Six months worth of Dodge Darts. At what point does a ‘new’ car technically become an ‘old’ new car? Can a car that has sat out in the open for most of a year still be described as ‘new’? One can easily imagine the challenges that car manufacturers now face.

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But showroom price discounting – especially up to amounts like 30% – can wreak havoc with the residual value of that car’s marque. The prices of ‘nearly-new’ second-hand versions plummet at auction and fleet clients and Hire Purchase customers can become saddled with a kind of negative equity on their own vehicles. Fleet News made this point six months ago in their article here.

Some commercial vehicle manufacturers have been hit really hard as savvy fleet operators have held onto their trucks for an extra year or two to avoid this depreciation risk. One major truck maker sold zero units of its product in the UK in 2011 as regular clients simply sat tight.

General Motors has only now struggled back into profit in the US after years in the red with an unloved product range. Desperate for small cars it didn’t have, it hastily re-badged Asian Daewoo products, slapping a ‘Chevrolet’ badge on them and shipping them into America.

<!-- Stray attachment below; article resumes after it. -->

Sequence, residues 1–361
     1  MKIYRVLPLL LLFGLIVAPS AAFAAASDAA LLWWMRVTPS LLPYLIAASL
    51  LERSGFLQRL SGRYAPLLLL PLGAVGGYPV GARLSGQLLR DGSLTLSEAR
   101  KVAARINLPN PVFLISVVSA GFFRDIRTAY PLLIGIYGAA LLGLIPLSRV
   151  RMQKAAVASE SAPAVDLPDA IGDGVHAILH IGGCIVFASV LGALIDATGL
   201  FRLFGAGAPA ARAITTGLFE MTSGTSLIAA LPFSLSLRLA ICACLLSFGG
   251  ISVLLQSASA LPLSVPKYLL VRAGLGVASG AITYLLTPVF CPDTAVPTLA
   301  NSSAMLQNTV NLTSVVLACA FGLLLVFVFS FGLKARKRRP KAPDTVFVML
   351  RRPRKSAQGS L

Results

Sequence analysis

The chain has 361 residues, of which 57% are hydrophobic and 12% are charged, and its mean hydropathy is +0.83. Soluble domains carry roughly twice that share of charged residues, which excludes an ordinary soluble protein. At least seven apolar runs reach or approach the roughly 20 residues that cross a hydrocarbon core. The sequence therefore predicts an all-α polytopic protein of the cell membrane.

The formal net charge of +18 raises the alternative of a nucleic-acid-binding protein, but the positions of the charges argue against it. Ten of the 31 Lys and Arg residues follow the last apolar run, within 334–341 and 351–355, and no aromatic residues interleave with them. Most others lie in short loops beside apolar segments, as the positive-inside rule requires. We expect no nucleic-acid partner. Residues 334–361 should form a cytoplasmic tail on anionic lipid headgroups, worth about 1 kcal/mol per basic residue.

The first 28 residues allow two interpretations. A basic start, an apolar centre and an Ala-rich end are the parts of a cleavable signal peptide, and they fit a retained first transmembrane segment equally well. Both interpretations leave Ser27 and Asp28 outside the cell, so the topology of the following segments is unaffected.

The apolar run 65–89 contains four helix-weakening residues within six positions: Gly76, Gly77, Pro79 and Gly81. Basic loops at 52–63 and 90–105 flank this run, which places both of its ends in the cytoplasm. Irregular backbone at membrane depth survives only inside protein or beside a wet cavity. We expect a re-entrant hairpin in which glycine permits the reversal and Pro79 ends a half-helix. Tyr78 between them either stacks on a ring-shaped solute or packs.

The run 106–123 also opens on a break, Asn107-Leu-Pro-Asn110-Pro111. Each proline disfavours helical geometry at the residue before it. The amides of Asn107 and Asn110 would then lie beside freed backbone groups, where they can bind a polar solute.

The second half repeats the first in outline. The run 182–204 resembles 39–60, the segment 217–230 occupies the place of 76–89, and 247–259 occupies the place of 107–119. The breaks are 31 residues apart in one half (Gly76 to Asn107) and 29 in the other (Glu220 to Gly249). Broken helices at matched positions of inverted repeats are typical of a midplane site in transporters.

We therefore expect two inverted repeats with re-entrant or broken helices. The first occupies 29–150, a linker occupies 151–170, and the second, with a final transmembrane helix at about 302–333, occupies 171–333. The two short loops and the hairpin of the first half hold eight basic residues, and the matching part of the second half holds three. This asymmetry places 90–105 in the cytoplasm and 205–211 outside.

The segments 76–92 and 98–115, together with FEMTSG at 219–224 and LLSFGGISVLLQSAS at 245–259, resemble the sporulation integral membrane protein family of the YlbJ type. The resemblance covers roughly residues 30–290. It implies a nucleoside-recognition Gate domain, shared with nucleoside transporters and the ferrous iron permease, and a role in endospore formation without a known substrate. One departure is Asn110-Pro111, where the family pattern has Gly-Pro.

Now, it is watching as its twin European badges – Vauxhall and Opel – fight a desperate war to survive. It is abundantly clear that 7-10% over-capacity plus some ageing and inefficiently designed production facilities cannot be propped up at all cost.

roadwaxJeep 101

In this situation, the cost will be production line workers. There are no deserts in Europe to hide millions of unwanted cars.

The emerging giant economy of China fueled the revival of hopes in 2009 for top marques like BMW, Cadillac and Rolls Royce. Dying on their feet as Europe and America struggled with a banking collapse, these big names spearheaded a rush to satisfy Chinese auto sales volume growth of 46% in that year.

But by 2010 that figure had dropped to 32% and in early 2011 it slumped to 2.5%.

We are not supposed to use the word ‘problem’. The fashionable and politically correct word today is ‘challenge’.

The ‘problem’ is over-production of depreciating consumer goods.

The ‘challenge’ for today’s politicians is to find unemployed workers jobs that can generate their family a surplus income. Enough to buy yet more depreciating consumer goods and certainly more than enough to live on.

If today’s politicians actually have a solution to this challenge, then they are keeping very quiet about it.

 

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Human Rights Industry for sale. Click here to add ‘Human Rights’ to shopping cart.

6 Nov

If you are reading these words, then you are a conscientious citizen who cares about protecting human rights.